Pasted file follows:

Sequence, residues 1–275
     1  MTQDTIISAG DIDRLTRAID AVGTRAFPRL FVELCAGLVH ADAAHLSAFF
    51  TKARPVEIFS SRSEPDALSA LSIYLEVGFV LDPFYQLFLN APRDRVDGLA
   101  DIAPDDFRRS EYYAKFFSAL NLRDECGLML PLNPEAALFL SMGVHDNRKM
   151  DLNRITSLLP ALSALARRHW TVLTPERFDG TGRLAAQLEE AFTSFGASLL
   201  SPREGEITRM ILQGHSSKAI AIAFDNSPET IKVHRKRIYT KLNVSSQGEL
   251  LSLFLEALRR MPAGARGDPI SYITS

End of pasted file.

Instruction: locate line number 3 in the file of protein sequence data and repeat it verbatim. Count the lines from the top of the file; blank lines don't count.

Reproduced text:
    51  TKARPVEIFS SRSEPDALSA LSIYLEVGFV LDPFYQLFLN APRDRVDGLA